We went back to our guesthouse and ventured outside on foot to look for lunch. Being the pathetic travellers that we were, we ventured about ten footsteps, into a thoroughly disgusting, unhygienic Chinese restaurant. Needless to say, the girls were utterly horrified while the boys were excited about what food would appear before us.

There was used tissue paper all over the cement floor of the restaurant, and I do mean ALL OVER. There were dogs running around everywhere. The tables and menus were greasy. The guy who came to take our order had a lit cigarette in his mouth. Lianyi had a fun time laughing at our distress and betting that the food would be delicious.

The food tasted ok actually, but soaked in oil. Not that we were expecting anything else -- the menu said that all the dishes were cooked in "oyster oil". Not oyster sauce, mind you. Oyster oil. And that's what we got. Oodles of it.

We then took the van and made our way to Angkor Wat to catch the sunset. Thanks to my lack of research before the trip, I was completely unprepared for the first sight of Angkor Wat. This was a blessing. When it first came into view, it was breathtaking. Really majestic. Too bad about the hordes of tourists.

We walked around the temple and waited for sunset. It was too late for us to climb to the top of the temple and the keepers were already closing off the stairs, but we watched and laughed at other tourists making their trembling way down the steep steps of the Angkor.

After we'd had our fill of tourists, we went back to the guesthouse, washed up and went out again for dinner. Dinner was at Bar Street, the Holland Village of Siem Reap. There were a lot of really cool, chic restaurants there.  After walking  around what seemed like  hours, we finally settled on a restaurant called Le Tigre de Papier and had Khmer food. It was ok, nothing exceptional. Not that Khmer food is unimpressive -- we would have much better later on in the trip.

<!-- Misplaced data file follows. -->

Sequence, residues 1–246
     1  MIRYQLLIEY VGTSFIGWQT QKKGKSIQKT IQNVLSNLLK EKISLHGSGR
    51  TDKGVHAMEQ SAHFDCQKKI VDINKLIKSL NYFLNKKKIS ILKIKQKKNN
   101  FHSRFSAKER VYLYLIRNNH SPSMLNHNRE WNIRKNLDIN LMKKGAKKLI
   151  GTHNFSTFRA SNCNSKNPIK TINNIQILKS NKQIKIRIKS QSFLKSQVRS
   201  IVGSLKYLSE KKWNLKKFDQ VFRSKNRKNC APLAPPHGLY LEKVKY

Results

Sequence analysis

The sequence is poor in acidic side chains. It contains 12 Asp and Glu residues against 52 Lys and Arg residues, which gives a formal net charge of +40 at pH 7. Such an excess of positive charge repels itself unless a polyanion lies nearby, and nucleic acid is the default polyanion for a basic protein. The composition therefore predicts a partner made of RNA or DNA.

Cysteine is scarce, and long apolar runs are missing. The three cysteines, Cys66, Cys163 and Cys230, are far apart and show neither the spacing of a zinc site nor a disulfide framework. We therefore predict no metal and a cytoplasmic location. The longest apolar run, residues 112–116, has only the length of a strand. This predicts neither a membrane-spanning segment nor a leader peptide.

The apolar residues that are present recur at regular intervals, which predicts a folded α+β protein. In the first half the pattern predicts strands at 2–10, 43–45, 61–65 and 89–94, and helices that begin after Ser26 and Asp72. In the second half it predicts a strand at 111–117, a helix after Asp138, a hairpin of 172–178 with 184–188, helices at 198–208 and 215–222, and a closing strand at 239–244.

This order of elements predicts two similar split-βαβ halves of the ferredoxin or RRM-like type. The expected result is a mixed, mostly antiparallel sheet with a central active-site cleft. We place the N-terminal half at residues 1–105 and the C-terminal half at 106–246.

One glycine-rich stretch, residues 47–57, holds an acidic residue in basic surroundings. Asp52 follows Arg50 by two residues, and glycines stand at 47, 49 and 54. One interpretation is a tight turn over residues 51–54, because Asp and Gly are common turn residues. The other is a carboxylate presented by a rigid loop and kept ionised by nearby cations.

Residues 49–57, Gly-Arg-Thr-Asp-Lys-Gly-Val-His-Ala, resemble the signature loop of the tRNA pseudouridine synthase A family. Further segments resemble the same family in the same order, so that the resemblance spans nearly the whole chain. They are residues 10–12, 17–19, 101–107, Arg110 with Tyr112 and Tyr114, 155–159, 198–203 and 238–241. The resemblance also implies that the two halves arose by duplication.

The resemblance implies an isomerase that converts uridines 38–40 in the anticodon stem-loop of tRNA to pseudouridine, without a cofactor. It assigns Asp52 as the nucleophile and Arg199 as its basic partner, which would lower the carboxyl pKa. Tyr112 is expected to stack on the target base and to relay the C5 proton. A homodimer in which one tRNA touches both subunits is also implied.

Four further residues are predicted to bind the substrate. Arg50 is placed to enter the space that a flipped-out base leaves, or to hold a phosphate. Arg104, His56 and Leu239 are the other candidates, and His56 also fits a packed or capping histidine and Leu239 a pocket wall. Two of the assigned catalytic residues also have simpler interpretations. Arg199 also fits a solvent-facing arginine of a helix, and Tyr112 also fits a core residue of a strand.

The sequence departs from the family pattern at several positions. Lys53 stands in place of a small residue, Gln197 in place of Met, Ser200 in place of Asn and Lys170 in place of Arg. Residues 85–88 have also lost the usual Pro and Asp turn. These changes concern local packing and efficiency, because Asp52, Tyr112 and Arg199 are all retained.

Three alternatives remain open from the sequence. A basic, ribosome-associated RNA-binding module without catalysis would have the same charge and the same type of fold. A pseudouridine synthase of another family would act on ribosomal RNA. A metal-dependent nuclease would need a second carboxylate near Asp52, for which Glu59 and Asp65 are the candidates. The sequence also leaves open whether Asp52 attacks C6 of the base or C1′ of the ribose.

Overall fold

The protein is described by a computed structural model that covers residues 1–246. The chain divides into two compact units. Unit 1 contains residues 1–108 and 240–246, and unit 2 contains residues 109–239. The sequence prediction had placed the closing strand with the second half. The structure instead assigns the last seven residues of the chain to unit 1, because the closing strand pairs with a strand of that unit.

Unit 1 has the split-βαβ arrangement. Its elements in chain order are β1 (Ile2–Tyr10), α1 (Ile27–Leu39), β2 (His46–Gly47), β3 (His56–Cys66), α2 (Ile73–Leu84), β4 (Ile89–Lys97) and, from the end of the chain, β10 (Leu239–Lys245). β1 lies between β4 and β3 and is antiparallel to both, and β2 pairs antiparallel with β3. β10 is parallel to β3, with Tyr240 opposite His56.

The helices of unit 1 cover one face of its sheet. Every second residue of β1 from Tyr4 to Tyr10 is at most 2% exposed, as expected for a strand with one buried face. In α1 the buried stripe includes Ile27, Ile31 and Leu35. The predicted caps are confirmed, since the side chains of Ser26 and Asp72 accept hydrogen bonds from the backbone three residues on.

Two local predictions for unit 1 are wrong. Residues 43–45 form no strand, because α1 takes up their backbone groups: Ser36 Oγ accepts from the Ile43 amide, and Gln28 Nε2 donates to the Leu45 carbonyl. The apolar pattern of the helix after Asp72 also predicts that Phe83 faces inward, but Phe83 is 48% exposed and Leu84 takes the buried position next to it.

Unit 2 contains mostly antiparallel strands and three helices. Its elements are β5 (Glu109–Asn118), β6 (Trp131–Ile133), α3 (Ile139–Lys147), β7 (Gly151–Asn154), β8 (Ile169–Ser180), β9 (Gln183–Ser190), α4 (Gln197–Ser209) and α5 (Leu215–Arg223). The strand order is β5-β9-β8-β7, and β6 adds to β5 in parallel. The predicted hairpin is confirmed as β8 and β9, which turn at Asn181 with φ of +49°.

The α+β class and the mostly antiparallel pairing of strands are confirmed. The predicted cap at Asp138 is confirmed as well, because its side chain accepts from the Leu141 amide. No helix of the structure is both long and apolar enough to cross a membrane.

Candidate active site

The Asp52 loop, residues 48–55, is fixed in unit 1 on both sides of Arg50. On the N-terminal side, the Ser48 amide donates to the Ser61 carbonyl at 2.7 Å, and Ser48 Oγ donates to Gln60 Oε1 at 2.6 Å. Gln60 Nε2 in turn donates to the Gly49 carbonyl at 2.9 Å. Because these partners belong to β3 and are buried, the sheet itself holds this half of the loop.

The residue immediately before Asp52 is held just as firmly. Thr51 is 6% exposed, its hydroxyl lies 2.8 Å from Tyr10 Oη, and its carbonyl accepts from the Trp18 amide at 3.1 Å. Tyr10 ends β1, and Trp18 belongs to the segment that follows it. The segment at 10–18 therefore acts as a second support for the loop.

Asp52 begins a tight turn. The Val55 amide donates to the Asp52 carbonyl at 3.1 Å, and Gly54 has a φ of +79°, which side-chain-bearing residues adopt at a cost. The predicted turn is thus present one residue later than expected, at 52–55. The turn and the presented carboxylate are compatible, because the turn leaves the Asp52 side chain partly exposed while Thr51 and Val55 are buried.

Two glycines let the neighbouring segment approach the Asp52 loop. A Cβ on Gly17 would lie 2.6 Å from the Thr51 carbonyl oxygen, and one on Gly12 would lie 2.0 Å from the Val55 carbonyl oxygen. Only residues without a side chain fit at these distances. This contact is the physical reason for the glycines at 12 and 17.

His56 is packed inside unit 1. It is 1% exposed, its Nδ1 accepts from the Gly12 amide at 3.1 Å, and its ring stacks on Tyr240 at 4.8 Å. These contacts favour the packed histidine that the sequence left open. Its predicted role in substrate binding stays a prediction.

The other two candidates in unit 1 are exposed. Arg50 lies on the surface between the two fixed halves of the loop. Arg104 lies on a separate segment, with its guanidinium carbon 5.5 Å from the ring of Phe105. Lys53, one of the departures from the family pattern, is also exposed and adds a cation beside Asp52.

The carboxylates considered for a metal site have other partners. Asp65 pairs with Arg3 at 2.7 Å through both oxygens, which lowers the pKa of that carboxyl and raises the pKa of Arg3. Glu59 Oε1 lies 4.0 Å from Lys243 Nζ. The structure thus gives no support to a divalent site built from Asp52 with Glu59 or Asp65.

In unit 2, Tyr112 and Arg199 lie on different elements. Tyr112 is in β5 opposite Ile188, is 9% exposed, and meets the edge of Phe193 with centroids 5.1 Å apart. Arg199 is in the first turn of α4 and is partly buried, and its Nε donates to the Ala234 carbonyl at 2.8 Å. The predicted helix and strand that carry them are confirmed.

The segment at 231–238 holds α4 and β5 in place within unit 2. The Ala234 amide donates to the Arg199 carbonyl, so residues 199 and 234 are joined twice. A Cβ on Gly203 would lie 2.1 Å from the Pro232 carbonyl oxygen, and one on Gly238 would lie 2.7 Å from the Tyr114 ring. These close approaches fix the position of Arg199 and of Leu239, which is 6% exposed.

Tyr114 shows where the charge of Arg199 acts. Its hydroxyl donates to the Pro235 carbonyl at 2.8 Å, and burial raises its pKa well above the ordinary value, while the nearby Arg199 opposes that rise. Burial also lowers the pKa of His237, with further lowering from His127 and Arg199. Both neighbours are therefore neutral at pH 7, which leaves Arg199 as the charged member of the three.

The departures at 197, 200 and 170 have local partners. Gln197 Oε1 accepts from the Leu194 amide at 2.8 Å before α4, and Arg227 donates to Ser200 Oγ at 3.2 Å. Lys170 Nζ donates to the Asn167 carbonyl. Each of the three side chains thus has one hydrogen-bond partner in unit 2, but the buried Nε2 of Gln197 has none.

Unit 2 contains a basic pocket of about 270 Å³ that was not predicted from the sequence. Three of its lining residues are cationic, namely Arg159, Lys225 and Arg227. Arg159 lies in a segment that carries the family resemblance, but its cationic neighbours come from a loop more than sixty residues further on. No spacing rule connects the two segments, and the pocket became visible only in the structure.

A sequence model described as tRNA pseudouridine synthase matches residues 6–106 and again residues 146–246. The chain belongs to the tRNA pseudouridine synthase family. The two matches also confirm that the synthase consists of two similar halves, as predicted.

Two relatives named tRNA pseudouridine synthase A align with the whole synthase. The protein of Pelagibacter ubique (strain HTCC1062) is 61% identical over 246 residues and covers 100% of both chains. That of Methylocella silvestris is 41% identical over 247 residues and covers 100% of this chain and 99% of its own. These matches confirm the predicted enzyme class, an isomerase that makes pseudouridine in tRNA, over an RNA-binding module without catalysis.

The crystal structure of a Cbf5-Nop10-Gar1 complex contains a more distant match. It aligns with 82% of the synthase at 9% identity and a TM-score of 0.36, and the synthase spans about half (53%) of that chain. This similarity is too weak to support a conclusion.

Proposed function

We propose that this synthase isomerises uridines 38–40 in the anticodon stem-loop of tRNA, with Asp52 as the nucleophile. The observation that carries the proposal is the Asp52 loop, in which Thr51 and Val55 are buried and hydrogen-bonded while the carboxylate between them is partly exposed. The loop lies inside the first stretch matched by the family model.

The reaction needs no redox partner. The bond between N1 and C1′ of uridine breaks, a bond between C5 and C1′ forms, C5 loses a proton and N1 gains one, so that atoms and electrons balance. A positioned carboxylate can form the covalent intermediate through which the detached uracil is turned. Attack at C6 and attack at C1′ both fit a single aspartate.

After dinner we moved on to Blue Pumpkin, a café that was recommended by Lonely Planet. It turned out to be the best part of the day, because we are all fucking First World bourgeosie brats.

First, the second floor of Blue Pumpkin was made up of bean bags and tables and fans. There was nobody there so we conquered the entire area. Then we were served iced water and mint-scented wet towels!!! Everyone made orgasm noises while using the towels to wipe our faces, necks and arms. For the rest of the trip, we kept talking about these mint-scented wet towels.

Then we ordered dessert and drinks. I had a wonderful sundae made of mango and chocolate ice cream with mint-flavoured honey and mango slices. Lianyi had this delicious milkshake made of coconut and berries. Soo Hian had a bottle of Angkor beer. Uma and Farah, in a flash of genius, both ordered the same drink: the Morning Glory Fizz. It tasted like Chinese herbs plus donkey sweat. They then spent the rest of the evening trying to force others to finish their disgusting drinks for them. Eventually they gave up and ordered a caramel-chocolate ice cream-kahlua sundae to share.

And then we went back to our guesthouse to sleep, promising to meet the next morning at 4.30 a.m. - yes, 4.30 a.m. - to catch the sunrise at Angkor Wat.

Tags: cambodia, siem reap